— Bud Norman

Falling Up the Stairs

One should always be careful about what one wishes for, because one might just wind up with John Kerry as Secretary of State.
We ruefully admit that we hard ardently wished to see Hillary Clinton extricated from that post, even long before her inept involvement in the fiasco that led to the death of an ambassador and three other Americans in Libya on Sept. 11 or her scandalous behavior in the aftermath, and our wish was granted when she announced her long anticipated resignation. Then we wished that United Nations ambassador Susan Rice wouldn’t get the job, partly because of her own dissembling regarding the Libya deaths and partly because of everything else about her personality and foreign policy philosophy, and our luck continued when she withdrew her name from consideration rather than subject her president to weeks of damning headlines about Libya. We would have much preferred that she be denied the promotion after the weeks of damning headlines, all in a futile hope that the public could be convinced to care about the incompetence, dishonesty, and disregard for American principles that characterized the sordid affair, but by then our luck had run out.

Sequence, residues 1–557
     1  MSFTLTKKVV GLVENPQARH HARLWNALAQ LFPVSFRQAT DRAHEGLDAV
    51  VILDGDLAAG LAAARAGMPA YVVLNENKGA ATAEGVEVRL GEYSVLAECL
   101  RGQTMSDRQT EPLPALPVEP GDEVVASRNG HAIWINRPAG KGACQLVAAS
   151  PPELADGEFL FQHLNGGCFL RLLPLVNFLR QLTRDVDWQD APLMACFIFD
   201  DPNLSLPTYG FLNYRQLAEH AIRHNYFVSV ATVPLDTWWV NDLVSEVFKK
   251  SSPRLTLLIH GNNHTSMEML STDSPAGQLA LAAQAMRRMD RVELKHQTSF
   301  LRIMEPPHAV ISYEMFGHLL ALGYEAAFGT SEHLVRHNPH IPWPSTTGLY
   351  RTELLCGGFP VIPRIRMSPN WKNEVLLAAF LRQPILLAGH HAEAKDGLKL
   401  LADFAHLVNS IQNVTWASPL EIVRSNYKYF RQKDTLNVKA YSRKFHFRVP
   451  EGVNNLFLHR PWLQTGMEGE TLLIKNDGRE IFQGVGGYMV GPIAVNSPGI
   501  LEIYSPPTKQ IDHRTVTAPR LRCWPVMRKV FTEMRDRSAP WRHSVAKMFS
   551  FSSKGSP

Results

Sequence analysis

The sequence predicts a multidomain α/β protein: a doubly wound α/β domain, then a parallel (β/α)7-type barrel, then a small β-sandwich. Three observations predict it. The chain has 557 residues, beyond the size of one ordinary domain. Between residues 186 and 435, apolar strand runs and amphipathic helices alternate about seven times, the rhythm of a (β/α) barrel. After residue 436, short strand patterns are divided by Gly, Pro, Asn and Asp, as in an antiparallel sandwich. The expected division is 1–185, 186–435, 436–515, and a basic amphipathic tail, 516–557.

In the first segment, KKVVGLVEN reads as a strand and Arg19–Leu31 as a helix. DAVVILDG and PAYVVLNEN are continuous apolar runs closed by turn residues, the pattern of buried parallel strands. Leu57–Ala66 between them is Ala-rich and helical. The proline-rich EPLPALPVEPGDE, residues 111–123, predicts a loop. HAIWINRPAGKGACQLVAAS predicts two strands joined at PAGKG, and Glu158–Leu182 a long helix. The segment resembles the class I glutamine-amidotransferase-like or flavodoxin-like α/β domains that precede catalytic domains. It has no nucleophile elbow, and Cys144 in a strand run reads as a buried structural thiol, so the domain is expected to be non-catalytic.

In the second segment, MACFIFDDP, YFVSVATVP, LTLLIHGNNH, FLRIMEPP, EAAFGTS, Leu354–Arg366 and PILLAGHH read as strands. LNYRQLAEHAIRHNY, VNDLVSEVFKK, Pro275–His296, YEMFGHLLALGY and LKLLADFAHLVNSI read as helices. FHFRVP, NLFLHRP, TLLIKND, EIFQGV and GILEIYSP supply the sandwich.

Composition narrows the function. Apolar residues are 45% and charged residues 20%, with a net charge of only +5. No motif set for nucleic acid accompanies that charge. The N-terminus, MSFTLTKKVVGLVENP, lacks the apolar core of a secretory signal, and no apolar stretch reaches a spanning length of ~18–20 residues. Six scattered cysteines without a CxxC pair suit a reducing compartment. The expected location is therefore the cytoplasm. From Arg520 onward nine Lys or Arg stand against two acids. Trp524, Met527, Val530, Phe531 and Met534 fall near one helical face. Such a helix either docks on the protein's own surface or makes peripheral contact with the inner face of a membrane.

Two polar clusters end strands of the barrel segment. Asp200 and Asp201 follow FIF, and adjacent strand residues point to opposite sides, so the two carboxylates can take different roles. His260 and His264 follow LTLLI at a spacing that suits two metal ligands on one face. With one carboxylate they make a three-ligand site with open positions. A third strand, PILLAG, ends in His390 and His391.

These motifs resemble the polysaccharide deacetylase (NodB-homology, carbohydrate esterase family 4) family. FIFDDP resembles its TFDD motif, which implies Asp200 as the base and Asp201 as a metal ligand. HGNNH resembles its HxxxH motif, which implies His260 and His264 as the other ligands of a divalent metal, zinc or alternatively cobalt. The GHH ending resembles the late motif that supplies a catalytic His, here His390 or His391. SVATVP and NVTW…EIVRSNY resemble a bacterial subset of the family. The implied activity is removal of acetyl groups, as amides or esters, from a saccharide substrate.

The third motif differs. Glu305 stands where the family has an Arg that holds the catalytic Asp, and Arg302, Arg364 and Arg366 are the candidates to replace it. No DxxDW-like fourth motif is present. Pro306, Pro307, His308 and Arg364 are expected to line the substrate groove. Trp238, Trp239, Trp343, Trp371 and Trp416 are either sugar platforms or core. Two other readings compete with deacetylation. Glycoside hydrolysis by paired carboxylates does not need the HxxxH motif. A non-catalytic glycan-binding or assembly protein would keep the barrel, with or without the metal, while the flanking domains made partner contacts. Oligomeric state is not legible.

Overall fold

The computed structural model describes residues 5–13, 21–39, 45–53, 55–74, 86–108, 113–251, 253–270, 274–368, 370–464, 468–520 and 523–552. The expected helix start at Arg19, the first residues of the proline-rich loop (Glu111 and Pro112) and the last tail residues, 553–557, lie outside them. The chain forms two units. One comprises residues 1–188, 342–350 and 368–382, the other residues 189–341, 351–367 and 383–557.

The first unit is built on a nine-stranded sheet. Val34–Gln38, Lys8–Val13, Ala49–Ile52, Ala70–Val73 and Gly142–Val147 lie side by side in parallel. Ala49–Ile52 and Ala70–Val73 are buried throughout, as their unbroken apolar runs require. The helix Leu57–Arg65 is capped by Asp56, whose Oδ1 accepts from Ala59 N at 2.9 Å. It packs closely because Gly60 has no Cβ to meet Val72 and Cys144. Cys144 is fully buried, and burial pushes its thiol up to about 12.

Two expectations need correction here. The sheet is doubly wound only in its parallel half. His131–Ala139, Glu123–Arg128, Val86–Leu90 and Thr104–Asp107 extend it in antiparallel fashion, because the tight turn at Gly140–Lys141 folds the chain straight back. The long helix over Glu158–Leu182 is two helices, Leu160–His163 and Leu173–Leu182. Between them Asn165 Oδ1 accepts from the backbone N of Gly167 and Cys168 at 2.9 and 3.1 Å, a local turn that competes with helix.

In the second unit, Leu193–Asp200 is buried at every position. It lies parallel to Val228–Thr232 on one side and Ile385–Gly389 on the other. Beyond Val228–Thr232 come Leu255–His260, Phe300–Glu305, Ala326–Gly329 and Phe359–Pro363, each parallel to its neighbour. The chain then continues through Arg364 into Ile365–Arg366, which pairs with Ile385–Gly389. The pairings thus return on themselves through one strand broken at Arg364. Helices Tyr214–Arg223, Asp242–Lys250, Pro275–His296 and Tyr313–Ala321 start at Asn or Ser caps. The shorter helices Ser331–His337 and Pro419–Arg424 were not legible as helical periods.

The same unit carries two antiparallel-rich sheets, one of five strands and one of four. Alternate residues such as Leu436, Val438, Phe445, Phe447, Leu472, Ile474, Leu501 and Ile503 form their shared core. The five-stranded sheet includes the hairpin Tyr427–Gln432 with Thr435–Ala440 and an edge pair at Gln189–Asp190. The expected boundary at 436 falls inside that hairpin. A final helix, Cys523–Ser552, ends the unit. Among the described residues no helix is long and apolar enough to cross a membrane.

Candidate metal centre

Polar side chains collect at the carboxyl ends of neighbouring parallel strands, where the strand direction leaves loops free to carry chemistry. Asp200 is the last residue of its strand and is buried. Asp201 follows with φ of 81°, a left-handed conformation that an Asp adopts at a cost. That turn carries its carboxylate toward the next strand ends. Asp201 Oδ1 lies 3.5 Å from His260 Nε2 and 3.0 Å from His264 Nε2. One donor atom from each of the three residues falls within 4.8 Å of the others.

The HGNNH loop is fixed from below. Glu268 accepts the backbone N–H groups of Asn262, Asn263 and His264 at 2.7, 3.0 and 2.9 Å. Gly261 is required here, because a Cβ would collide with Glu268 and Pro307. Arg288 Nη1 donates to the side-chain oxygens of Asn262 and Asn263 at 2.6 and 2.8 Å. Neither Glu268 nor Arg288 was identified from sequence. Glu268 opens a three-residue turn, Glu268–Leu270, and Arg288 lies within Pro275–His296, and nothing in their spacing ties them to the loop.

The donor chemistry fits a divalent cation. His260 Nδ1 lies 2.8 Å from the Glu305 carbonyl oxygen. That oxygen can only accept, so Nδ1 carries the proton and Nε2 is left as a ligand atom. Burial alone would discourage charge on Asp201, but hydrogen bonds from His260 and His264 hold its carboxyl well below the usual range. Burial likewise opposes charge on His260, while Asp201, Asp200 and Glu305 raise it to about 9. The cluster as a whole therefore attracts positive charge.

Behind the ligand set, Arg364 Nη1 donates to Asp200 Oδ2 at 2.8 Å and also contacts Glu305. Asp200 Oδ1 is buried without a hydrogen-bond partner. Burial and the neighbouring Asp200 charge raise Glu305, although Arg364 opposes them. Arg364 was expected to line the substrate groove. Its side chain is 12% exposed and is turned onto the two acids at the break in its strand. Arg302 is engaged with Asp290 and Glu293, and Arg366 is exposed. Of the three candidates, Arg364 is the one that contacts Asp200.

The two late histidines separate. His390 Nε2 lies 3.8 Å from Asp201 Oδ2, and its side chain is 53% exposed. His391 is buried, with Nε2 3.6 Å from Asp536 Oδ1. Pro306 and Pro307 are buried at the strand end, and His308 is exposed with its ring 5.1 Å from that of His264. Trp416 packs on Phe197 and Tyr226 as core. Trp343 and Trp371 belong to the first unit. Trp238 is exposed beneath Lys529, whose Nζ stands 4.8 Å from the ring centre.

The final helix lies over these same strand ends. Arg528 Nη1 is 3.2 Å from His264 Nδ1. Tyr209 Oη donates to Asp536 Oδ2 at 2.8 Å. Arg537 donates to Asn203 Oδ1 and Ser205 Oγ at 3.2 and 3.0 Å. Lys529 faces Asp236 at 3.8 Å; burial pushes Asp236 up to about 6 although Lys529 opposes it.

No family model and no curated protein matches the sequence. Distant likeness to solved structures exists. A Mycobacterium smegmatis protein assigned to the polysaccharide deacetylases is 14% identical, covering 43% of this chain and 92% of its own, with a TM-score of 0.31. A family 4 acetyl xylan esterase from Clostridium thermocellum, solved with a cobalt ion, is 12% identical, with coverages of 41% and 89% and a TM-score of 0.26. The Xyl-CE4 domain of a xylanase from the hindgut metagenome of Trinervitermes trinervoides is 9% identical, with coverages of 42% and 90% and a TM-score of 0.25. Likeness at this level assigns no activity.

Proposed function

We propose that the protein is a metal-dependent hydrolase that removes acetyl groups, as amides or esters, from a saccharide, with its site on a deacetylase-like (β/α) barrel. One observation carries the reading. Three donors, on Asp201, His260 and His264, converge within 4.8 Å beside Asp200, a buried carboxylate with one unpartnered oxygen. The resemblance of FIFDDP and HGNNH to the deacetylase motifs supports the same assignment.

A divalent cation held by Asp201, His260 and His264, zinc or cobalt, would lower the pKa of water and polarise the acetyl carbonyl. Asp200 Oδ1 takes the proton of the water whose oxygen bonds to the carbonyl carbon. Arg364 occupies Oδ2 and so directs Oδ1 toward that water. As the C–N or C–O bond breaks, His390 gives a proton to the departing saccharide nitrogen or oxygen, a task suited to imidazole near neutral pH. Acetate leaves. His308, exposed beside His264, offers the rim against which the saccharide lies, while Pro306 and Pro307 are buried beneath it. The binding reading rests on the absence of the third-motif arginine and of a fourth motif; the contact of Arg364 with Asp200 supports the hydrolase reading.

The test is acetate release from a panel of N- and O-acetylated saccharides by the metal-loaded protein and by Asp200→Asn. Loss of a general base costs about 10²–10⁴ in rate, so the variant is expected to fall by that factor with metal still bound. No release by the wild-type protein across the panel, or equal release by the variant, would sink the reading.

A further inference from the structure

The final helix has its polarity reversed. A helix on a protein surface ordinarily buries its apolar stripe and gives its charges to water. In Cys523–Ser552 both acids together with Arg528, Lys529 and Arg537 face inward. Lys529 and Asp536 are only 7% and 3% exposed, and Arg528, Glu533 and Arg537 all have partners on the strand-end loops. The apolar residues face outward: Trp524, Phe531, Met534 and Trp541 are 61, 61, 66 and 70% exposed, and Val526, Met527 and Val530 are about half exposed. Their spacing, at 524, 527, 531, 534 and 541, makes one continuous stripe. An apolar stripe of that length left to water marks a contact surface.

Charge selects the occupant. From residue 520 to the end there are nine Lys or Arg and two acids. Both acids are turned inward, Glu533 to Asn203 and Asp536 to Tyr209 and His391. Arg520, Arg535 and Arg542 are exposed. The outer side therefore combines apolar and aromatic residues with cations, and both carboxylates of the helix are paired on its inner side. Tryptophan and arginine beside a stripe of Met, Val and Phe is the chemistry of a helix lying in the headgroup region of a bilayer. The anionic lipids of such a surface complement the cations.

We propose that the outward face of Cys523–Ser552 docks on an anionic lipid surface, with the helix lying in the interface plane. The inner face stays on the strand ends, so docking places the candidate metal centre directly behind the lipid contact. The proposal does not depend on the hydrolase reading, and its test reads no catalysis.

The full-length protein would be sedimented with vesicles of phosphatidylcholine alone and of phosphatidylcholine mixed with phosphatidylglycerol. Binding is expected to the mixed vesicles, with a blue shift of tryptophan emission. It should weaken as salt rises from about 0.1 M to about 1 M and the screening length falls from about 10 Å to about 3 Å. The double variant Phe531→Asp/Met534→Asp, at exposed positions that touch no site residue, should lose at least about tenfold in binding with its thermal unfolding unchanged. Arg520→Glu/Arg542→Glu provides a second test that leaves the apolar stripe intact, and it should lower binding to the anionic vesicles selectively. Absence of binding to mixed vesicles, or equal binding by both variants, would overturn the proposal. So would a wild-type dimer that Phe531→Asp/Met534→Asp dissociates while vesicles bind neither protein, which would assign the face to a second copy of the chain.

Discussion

Which leads us to the likely nomination of John Kerry, and his likely confirmation by his collegial colleagues in the Senate, and then on to the inevitable catastrophes that will result from his stewardship of the State Department.. Few things in life are reliable, but John Kerry has been wrong about every single foreign policy decision of his career.